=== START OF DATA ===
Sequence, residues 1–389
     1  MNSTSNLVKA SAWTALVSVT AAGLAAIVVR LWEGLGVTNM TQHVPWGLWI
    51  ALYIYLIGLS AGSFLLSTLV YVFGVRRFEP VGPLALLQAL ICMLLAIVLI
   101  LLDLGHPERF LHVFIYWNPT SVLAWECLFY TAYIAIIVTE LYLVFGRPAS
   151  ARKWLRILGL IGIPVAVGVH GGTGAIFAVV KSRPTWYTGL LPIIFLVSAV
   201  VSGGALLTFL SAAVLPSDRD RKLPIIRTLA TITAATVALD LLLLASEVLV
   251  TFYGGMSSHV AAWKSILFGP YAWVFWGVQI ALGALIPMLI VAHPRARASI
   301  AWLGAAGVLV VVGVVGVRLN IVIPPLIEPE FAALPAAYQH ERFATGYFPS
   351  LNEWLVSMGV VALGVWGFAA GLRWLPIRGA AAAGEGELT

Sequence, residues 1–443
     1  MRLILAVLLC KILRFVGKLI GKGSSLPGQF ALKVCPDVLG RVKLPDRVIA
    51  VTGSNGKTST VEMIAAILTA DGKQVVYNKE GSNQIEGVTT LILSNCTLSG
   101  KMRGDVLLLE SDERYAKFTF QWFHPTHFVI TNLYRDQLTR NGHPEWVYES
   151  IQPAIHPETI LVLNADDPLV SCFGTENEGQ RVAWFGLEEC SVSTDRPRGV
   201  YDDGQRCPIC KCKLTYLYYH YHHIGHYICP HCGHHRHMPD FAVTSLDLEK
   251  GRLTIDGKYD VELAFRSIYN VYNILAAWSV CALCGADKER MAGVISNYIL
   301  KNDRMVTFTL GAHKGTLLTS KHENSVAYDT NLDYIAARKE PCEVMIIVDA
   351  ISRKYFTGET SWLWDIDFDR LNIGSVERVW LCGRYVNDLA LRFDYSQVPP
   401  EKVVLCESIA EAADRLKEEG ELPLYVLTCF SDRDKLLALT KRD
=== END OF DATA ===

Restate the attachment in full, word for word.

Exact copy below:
Sequence, residues 1–389
     1  MNSTSNLVKA SAWTALVSVT AAGLAAIVVR LWEGLGVTNM TQHVPWGLWI
    51  ALYIYLIGLS AGSFLLSTLV YVFGVRRFEP VGPLALLQAL ICMLLAIVLI
   101  LLDLGHPERF LHVFIYWNPT SVLAWECLFY TAYIAIIVTE LYLVFGRPAS
   151  ARKWLRILGL IGIPVAVGVH GGTGAIFAVV KSRPTWYTGL LPIIFLVSAV
   201  VSGGALLTFL SAAVLPSDRD RKLPIIRTLA TITAATVALD LLLLASEVLV
   251  TFYGGMSSHV AAWKSILFGP YAWVFWGVQI ALGALIPMLI VAHPRARASI
   301  AWLGAAGVLV VVGVVGVRLN IVIPPLIEPE FAALPAAYQH ERFATGYFPS
   351  LNEWLVSMGV VALGVWGFAA GLRWLPIRGA AAAGEGELT

Sequence, residues 1–443
     1  MRLILAVLLC KILRFVGKLI GKGSSLPGQF ALKVCPDVLG RVKLPDRVIA
    51  VTGSNGKTST VEMIAAILTA DGKQVVYNKE GSNQIEGVTT LILSNCTLSG
   101  KMRGDVLLLE SDERYAKFTF QWFHPTHFVI TNLYRDQLTR NGHPEWVYES
   151  IQPAIHPETI LVLNADDPLV SCFGTENEGQ RVAWFGLEEC SVSTDRPRGV
   201  YDDGQRCPIC KCKLTYLYYH YHHIGHYICP HCGHHRHMPD FAVTSLDLEK
   251  GRLTIDGKYD VELAFRSIYN VYNILAAWSV CALCGADKER MAGVISNYIL
   301  KNDRMVTFTL GAHKGTLLTS KHENSVAYDT NLDYIAARKE PCEVMIIVDA
   351  ISRKYFTGET SWLWDIDFDR LNIGSVERVW LCGRYVNDLA LRFDYSQVPP
   401  EKVVLCESIA EAADRLKEEG ELPLYVLTCF SDRDKLLALT KRD